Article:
Dear Parviz and Ali
If I can add my own ten cents to this most interesting issue:
I believe the Zoroastrian concept of "progress" is strictly inward-relative.
This means that progress if not progress from a certain Position A towards a certain Position B where Position B is in advance superior or more perfect than Position A. Because Zarathushtra had no Platonic concept of "ideas being superior to matter". To Zarathushtra, matter was all and was sacred.
The Zoroastrian "progress" is instead a changing/altering/expanding progress moving from a smaller but still perfect Position A to a more expanded but equally perfect Position B. Quite like Spinoza's concepts of change in the monist whole (attributes vs the world-as-one).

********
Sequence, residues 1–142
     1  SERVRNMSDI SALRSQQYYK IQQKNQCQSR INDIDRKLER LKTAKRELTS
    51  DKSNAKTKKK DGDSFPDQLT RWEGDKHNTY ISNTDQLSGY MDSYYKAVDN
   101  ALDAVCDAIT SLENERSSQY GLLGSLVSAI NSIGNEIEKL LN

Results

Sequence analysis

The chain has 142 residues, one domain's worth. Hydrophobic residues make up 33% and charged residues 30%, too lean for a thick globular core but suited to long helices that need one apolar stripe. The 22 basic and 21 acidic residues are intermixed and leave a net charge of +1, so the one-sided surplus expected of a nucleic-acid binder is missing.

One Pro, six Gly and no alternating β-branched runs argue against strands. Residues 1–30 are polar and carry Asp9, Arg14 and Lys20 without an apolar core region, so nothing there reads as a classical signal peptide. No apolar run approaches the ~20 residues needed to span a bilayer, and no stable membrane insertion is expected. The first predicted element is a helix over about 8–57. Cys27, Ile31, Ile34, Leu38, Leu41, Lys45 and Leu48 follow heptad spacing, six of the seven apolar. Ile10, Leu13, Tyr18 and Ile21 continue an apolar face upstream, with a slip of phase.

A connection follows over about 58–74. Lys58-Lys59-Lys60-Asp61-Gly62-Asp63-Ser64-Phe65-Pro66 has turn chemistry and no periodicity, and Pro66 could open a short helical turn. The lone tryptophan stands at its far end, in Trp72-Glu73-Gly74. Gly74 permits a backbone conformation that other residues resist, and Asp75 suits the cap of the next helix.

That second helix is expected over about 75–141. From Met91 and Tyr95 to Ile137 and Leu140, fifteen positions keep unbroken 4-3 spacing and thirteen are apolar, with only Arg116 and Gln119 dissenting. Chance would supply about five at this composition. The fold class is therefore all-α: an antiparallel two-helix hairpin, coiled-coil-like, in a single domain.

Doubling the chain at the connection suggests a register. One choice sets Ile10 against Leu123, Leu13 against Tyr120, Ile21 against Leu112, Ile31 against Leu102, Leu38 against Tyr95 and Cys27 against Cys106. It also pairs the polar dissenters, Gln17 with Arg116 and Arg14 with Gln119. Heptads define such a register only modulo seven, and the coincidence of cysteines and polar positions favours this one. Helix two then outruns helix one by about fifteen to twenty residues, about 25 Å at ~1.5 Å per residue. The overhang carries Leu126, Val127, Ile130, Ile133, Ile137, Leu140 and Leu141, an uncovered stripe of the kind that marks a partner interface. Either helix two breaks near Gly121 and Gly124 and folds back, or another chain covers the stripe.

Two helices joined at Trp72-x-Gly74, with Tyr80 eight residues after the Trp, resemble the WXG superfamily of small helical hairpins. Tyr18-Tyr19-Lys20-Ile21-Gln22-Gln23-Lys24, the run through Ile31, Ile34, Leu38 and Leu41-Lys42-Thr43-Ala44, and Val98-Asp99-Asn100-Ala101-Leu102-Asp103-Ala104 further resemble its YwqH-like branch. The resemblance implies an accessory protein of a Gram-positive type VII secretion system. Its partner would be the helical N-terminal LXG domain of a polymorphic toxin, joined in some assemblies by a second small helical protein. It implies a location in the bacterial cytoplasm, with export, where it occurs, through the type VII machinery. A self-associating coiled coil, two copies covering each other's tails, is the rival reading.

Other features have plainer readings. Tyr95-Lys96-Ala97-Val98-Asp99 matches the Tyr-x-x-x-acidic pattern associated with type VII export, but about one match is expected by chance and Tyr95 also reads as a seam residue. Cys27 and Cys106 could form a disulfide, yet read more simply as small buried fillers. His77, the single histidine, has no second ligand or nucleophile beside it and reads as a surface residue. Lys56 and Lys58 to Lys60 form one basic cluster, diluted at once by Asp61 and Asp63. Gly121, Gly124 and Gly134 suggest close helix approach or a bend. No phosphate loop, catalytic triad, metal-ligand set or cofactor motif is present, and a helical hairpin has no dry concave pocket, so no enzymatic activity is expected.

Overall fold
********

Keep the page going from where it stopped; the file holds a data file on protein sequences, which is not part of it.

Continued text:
To get at this, we just have to remove our PLATONIST projections on these concepts. And with Zarathushtra living 1,200 years before Plato, this also makes perfect sense historically.
This also explains why I have advocated that "haurvatat" should not be viewed as merely a goal (implying that something which has not yet reached haurvatat is not yet perfect for what it is). Haurvatat is rather a state of mind which comes and goes, and our goal is to maintain and dwell within haurvatat as often and as long as we possibly can.
And what is haurvatat then? Haurvatat is whenever and wherever things occur in accordance with asha. And ameretat is the foundation against which all things occur, the timeless qualities of existence.
Try and apply these concepts to Zarathushtra's words in The Gathas and you will soon arrive at a rather complete and sensible worldview!